Sources

Note: The World Christian Database (WCD) estimates, used in the Religious Adherents section above, count each person as belonging to a maximum of one religious group. For more information, see the WCD methodology document. The U.S. State Department's International Religious Freedom report estimates, used in the Religious Demography section, use less restrictive criteria in which a person who identifies with more than one religion is classified as a follower of each. In certain cases (such as Japan and other nations with strong folk religion traditions), this can cause counts to vary widely between estimates. Users are advised to consult the relevant source documents before determining which counts to cite.

1.  The World Christian Database (WCD) is based on the 2600-page award-winning World Christian Encyclopedia and World Christian Trends, first published in 1982 and revised in 2001. This extensive work on World religion is now completely updated and integrated into the WCD online database. Designed for both the casual user and research scholar, information is readily available on religious activities, growth rates, religious literature, worker activity, and demographic statistics. Additional secular data is incorporated on population, health, education, and communications. A dataset with these and the other international measures highlighted on the country pages can be downloaded from this website. Used with permission.

2.  Estimates for the country were taken from the United States Department of State's Report on International Religious Freedom. "The International Religious Freedom report is submitted to Congress annually by the Department of State in compliance with Section 102(b) of the International Religious Freedom Act (IRFA) of 1998." The report profiles issues of religious adherence and freedom for each nation in the world. The information for each country was derived from a combination of "government and religious officials, nongovernmental organizations, journalists, human rights monitors, religious groups, and academics." Section I of each specific country report contains information on the religious demography of that nation. It is important to note that the estimates are of the proportion of national citizens (excluding resident non-nationals) who identify with specific religious traditions.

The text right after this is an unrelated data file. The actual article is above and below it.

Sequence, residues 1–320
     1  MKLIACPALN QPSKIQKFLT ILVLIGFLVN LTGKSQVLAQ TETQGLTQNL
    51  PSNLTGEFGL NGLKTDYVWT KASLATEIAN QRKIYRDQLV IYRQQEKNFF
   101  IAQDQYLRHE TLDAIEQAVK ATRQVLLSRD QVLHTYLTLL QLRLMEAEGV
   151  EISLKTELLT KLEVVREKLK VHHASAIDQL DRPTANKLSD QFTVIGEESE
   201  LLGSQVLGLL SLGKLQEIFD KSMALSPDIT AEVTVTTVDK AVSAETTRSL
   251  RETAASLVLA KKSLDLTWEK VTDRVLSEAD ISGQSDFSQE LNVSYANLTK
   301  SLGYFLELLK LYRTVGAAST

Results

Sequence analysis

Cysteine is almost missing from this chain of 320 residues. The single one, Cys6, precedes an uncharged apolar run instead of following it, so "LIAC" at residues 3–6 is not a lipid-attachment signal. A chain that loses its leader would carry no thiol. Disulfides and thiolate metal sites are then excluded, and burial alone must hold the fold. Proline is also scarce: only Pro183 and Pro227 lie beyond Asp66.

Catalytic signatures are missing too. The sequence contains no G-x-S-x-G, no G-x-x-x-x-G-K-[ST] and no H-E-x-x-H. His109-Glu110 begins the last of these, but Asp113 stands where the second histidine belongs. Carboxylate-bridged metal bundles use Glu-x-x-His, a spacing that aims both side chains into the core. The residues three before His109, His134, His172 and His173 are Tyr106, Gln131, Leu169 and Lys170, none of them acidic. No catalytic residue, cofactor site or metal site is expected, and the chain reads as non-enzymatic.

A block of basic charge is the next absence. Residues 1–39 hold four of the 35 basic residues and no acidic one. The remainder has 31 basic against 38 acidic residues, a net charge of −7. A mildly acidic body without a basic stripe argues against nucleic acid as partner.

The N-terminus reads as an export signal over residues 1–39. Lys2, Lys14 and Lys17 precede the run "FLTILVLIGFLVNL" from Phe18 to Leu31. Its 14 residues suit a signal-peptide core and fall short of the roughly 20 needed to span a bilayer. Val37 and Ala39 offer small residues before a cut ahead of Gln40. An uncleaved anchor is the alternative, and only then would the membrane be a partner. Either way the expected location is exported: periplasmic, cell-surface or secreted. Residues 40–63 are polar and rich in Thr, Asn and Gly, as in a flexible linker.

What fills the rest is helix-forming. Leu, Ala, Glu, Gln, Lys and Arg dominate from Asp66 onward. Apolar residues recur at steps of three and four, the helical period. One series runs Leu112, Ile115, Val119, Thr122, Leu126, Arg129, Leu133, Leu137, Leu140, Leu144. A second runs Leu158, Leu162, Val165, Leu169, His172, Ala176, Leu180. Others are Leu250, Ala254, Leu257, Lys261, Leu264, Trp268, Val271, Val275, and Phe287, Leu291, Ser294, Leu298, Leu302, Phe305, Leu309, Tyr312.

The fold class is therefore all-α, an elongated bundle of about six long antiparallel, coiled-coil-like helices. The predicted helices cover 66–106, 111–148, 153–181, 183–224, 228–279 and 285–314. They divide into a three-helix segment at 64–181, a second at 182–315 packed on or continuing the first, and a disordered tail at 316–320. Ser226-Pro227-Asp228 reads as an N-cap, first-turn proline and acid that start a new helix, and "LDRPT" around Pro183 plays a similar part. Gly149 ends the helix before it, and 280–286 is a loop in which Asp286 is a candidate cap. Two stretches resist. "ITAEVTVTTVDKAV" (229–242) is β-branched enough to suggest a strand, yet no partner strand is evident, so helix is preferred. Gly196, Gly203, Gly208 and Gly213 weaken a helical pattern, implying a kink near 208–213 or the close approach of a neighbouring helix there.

3.  The U.S. State Department's International Religious Freedom Report is submitted to Congress annually by the Department of State in compliance with Section 102(b) of the International Religious Freedom Act (IRFA) of 1998. This report supplements the most recent Human Rights Reports by providing additional detailed information with respect to matters involving international religious freedom. It includes individual country chapters on the status of religious freedom worldwide. A dataset with these and the other international measures highlighted on the country pages can be downloaded from this website. These State Department reports are open source.